Most managers attempt to solve queuing problems by hiring more workers or procuring additional facilities to reduce the waiting time. These options must be considered with proper analysis of the queuing situation to prevent increase in the staffing cost and/or idleness of both human and material resources. Another strategy considered by most managers for efficient time management to improve banking services and reduce the waiting time is the application of information and communication technology (ICT). Again most managers have come to terms with the reality of proper analysis of the queuing situation to determine the type, nature and extent of ICT products required for effectiveness and efficiency.
Application of ICT in banks is done through the power and connectivity of personal computers which have linked banks and their operations locally and globally. Woherem (2000), claims that only banks that overhaul the whole of their payment and delivery systems and apply ICT to their operations are likely to survive and prosper in the new millennium. Harold and Jeff (1995) contend that the most significant shortcoming in the banking industry today is a wide spread failure on the part of senior management in banks to grasp the importance of technology and incorporate it into their strategic plans accordingly. Consequently, they believe that financial service providers should modify their traditional operating practices to remain viable in the industry. Laudon & Laudon (2001) state that knowledge and information are becoming the foundation for many services and products. Leonard – Barton (1995) confirms that ICT products have become critical and strategic assets for managers. They are needed to optimize the flow of information and knowledge within the organization and to help management maximize the firm’s knowledge resources. Woherem (2000) advises organizations that want to survive to re-examine their service and delivery systems in order to properly position them within the framework of the dictates of the dynamism of information and communication technology. Adetayo, et. al., (1999) and Boyett (1995) maintain that in order to succeed (or even to survive) in this dynamic world, organizations must keep pace with the ever changing capabilities of ICT.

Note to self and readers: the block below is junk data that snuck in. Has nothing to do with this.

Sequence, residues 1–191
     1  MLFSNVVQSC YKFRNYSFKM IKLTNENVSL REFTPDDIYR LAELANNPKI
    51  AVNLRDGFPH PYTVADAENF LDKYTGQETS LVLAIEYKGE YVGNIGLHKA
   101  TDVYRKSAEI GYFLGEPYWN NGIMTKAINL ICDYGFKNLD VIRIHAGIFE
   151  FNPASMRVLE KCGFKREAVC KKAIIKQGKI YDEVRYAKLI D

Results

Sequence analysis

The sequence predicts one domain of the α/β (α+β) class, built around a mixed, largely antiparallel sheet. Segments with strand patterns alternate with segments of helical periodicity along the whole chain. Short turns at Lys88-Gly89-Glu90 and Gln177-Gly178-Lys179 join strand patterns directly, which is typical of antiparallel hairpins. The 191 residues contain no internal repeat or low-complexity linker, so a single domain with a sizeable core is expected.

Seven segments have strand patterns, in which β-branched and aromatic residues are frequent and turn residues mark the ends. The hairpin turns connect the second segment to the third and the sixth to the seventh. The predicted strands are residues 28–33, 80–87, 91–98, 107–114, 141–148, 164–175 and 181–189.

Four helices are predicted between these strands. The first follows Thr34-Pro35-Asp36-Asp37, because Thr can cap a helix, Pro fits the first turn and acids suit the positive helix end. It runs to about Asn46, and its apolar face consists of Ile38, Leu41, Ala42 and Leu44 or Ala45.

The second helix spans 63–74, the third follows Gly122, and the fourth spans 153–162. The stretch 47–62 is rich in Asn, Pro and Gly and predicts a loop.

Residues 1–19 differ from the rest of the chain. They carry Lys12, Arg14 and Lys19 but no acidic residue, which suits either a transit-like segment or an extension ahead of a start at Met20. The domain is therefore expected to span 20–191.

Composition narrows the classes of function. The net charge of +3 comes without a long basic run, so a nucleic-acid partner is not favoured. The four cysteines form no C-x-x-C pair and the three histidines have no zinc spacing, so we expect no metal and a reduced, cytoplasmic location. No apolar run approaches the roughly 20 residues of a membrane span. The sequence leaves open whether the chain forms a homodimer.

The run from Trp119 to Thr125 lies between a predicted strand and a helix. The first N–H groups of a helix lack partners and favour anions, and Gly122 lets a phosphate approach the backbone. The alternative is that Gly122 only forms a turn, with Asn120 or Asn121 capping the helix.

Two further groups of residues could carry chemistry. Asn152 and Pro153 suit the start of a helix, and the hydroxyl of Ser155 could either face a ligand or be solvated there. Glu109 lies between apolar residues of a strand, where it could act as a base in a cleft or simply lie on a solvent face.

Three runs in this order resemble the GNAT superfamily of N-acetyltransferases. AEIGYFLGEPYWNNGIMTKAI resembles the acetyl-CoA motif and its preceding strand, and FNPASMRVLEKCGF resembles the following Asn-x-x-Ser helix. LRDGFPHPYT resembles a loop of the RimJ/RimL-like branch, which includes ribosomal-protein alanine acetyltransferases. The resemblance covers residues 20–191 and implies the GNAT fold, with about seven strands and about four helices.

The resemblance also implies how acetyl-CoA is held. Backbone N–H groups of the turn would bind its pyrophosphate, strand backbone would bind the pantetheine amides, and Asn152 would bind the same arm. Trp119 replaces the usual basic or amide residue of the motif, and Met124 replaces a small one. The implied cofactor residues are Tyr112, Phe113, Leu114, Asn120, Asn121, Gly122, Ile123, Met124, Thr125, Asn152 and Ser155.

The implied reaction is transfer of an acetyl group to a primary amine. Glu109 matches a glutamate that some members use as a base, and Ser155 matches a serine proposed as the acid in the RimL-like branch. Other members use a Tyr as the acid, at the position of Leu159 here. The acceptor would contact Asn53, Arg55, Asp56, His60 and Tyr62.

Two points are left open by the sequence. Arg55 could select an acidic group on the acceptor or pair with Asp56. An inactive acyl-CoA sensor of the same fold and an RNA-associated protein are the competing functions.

ICT is a combination of ‘Information Technology’ and ‘Communication Technology’. It merges computing with high speed communications link carrying data, sound and video (Alabi, 2005). Information Technology (IT) deals with the collection, storage, manipulation and transfer of information using electronic means. ‘Communication Technology’ refers to the physical devices and software that link various computer hardware components and transfer data from one physical location to another (Laudon and Laudon; 2001).
Various Information and Communication Technology devices have emerged to enhance the speed and quality of service delivery and radically change how banking services are being handled worldwide. Shokan (2005) identified Electronic Fund Transfer, Electronic Fund Transfer at Point of Sale, Electronic Cheque. Electronic Letter of Credit, Electronic Card, Debit Card, Electronic Cash, Electronic Billing, Automated Teller Machine. Agboola et al (2002) summarises ICT products relevant to banks into three groups:
(i) Bankers Automated Clearing Services: Automated Clearing Services involve the use of Magnetic Ink Character Reader (MICR) for cheque processing. MICR is a system that provides for encoding of cheques and documents with characters in magnetic ink so that they can be electronically read. MICR is capable of encoding, reading and sorting cheques for timely clearing.
(ii) Automated Payment Systems: Automated Payment Systems include products such as Automatic Teller Machine (ATM), Plastic Cards and Electronic Funds Transfer. ATM is a remote cash dispenser that assists customers to have access to withdrawal outside the banking hall. Electronic cards are microchips that store electronic cash to use for online and off line micro payments. They include credit cards, debt cards, and store value cards. Electronic fund transfer (EFT) is an electronic oriented payment mechanism. That is, an electronic tool that is used to effectively transfer the value of exchange process for goods and services, ideas or information from one bank account to another account in another bank (Shokan, 2005). Electronic Letter of Credit, Electronic Cheque and Electronic Cash fall under automated payment system
(iii) Automated Delivery Channels: These include interactive television and the Internet. They offer an excellent environment for banks to experiment with the delivery of Electronic Home and Office Banking (Bill,1996). This technology provides for exchange of data between computer applications supporting the process of business partners by using agreed-to, standardized, data format. This device enables customers to carry out transactions with their banks through connection between the customer’s terminals in their homes and/or offices and the bank’s computer system. VSAT (Very Small Aperture Terminal) is a satellite communications system that serves home and business users. Customers with such terminals are able to contact the bank for any form of information required. Information on bank balances, deposits into and withdrawals from accounts may be gotten through this medium.